News: Deals – September 2002

News: Deals 2002-09-01 Staff Writer <b>LBOs take centre stage</b><br />The second half of 2002 promises to deliver an upswing in European LBO transactions, following a record level of activity in July which saw the value of LBOs outstrip both previous quarters in 2002. A total of €15bn was

LBOs take centre stage
The second half of 2002 promises to deliver an upswing in European LBO transactions, following a record level of activity in July which saw the value of LBOs outstrip both previous quarters in 2002. A total of €15bn was committed to LBOs, ahead of Q2 and Q1, which managed €5.2bn and €8.9bn respectively.

Multi-billion Euro transactions for Madison Dearborn, which launched a successful €3.7bn public to private offer for Irish packaging firm Jefferson Smurfit, and Kohlberg Kravis Roberts’ €5.1bn acquisition of Legrand, one of two major deals carried out by the US firm, led the way in what was a bumper month for large buyouts.

It remains to be seen whether the high level of activity in July will translate into a lengthier upturn for the remainder, but the figures will have a positive impact on the annual total for 2002. The July level was nearly three times higher than the monthly average for 2001 (€5.75bn), and August, which counted Charterhouse’s €1.4bn acquisition of Coral and the €1.8bn purchase by Deutsche Bank and TDC Denmark, the telecoms company, of Cesky Telecom among its notables, proved to be an able successor.

The likelihood that July’s LBO activity will not be sustained over the remainder of 2002 should not detract from the enhanced role it has played in European M&A this year. Figures from Thompson Financial show that LBOs have accounted for around 11 per cent of the total value of mergers and acquisitions in the region so far this year, the highest figure on record.

Even a slowdown in LBO activity is unlikely to reduce the ratio of LBO transactions as the broader M&A market is set to remain depressed for the rest of 2002. The ongoing asset disposal programmes taking place at debt-ridden multinationals such as Vivendi, which yesterday announced a €10bn disposal strategy, will ensure that private equity firms have rich pickings in the remainder of the year.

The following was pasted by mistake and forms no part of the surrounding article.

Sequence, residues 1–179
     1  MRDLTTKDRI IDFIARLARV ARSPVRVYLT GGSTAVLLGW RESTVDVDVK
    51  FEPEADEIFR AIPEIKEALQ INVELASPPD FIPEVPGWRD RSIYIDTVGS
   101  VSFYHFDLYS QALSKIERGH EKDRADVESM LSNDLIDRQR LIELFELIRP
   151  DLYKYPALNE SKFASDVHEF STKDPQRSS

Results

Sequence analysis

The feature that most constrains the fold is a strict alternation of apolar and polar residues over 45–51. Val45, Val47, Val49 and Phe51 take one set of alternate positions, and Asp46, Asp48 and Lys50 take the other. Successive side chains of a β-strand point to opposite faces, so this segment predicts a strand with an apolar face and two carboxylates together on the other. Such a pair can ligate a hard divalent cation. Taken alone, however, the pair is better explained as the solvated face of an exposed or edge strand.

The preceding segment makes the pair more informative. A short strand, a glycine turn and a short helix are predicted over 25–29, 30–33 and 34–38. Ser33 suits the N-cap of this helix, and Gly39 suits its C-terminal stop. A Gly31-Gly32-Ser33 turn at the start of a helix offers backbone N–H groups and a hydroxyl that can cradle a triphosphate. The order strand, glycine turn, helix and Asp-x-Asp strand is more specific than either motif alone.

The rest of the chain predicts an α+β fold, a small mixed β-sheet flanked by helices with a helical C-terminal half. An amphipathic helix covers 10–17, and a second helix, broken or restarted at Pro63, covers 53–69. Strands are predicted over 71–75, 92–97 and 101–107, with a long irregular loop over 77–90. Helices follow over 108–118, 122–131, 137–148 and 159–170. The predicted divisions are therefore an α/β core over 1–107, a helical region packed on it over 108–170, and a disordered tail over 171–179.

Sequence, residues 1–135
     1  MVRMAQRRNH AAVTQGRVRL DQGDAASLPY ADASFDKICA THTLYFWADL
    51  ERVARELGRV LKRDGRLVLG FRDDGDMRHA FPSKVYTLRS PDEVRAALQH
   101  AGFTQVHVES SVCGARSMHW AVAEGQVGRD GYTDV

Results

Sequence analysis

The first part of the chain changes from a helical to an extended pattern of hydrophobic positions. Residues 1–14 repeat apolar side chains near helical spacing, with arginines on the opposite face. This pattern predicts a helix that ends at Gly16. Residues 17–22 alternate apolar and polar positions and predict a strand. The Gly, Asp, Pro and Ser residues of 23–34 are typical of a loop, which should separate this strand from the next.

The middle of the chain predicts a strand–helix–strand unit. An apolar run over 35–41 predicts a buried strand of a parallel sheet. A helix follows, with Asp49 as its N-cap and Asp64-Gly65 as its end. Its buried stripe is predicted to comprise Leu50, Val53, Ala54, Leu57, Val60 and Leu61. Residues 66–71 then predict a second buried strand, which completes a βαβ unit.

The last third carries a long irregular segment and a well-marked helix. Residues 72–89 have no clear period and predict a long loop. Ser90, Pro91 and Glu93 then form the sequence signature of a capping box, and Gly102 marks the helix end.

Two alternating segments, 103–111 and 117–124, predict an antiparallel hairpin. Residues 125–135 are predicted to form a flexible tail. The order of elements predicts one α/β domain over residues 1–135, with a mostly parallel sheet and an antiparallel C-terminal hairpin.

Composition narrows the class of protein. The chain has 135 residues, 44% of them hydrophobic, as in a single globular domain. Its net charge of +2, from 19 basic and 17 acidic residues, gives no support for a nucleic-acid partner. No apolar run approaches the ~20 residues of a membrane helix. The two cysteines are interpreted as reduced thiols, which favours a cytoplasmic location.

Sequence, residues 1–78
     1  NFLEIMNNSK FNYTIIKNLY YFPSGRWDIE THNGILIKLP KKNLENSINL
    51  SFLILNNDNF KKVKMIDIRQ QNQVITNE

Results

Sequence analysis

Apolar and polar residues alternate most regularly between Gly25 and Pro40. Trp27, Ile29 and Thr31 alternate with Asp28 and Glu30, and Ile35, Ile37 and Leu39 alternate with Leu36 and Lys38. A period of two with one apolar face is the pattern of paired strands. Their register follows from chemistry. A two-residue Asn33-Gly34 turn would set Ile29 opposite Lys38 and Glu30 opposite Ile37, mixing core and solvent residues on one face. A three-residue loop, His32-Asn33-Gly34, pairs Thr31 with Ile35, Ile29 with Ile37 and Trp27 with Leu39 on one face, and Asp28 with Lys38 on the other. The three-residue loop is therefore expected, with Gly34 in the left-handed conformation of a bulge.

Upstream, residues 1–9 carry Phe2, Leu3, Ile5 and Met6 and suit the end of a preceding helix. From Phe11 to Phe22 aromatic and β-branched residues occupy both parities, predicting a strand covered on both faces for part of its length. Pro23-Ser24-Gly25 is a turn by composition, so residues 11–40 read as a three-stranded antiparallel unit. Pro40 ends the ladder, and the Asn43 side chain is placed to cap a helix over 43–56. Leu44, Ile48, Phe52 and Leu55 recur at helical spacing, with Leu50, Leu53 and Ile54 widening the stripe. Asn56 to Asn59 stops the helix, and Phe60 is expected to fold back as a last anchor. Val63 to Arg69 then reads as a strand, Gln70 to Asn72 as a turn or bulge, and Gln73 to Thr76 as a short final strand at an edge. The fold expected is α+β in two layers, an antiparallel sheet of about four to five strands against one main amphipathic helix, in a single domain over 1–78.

CVC acquires UK retailer
European private equity firm CVC Capital Partners was the busiest house of its peers during the summer period, completing four deals with a total value approaching €2bn. The largest of the four, the purchase of UK retailer Halfords, saw the firm pay over £400m to acquire car and bike accessories from Boots, the chemist. The £427m price tag, of which £17m will be deferred pending performance targets, is below Boots’ original asking price of £450m.

Jonathan Feuer, managing director of CVC, said the acquisition was a good opportunity to buy a ?strong retail business with considerable national coverage. We believe that through improved operational efficiencies and expansion, there is considerable scope for growth and further development of the Halfords business.? Management will take a stake of up to 10 per cent in the independent company.

Barclays Capital provided both senior and mezzanine debt for the transaction, believed to comprise about two thirds of the overall consideration. CVC was advised by Clifford Chance (legal), PwC (accounting) and UBS (M&A).

EQT in German fragrance consolidation
Bayer AG has sold its flavours and fragrances manufacturing unit, Haarmann & Reimer, to EQT Northern Europe Private Equity Funds in a deal that will net the German chemicals and pharmaceuticals group €1.66bn. The N ordic private equity house, which operates in Germany from its Munich office, has also acquired shares in Dragoco, a competitor of Haarmann & Reimer, to merge the two Holzminden-based companies. The merger is subject to regulatory approval.

Financial details of the transaction have not been disclosed. EQT will hold a 76 per cent controlling stake in the new company, which will have €1.245bn in sales and 5,800 employees. Horst-Otto Gerberding, Dragoco’s CEO who will run the company, will bring a 58 per cent personal shareholding in Dragoco into the deal and end up holding a 22 per cent interest in the new business. NordLB, which currently owns four per cent of Dragoco, will own two per cent of the merged entity. Other shareholders in Dragoco, including Equita, a private equity investor controlled by the Quandt family, have agreed to sell their shares to EQT.

Hans Moock, a partner at EQT involved in the deal, said the opportunity to buy a large corporate orphan and merge it with a German Mittelstand company was rare and very pleasing for the firm. It is EQT’s largest investment to date, and will lead to EQT Northern Europe, its latest fund which closed last year on €2bn, being 60 per cent invested. If successful, the planned merger will mark a significant milestone in EQT’s development as an equity house operating outside its Nordic home market. In December 2001, the group made its first German investment, acquiring Leybold Optics from Zurich-based Unaxis Group for €166m.

Electra in €220m food wholesale deal
Midmarket private equity investor Electra Partners Europe has completed the purchase of BWG Group from Pernod Ricard. Electra, which had been working with PricewaterhouseCoopers Corporate Finance to identify opportunities in the wholesale industry for some time, agreed to pay €220m for the business. Around 30 per cent of the financing comes from equity funds advised by Electra. CIBC, the investment bank, is leading a consortium of debt providers arranging around €155m of senior debt, with AIB and Bank of Ireland participating.

BWG, which is a food wholesaler operating in the UK and Ireland where it also owns a number of retail brands, was put up for auction by Pernod Ricard last year in an effort to dispose of non-beverage interests. Pernod Ricard was being advised by SocGen, which ran the auction.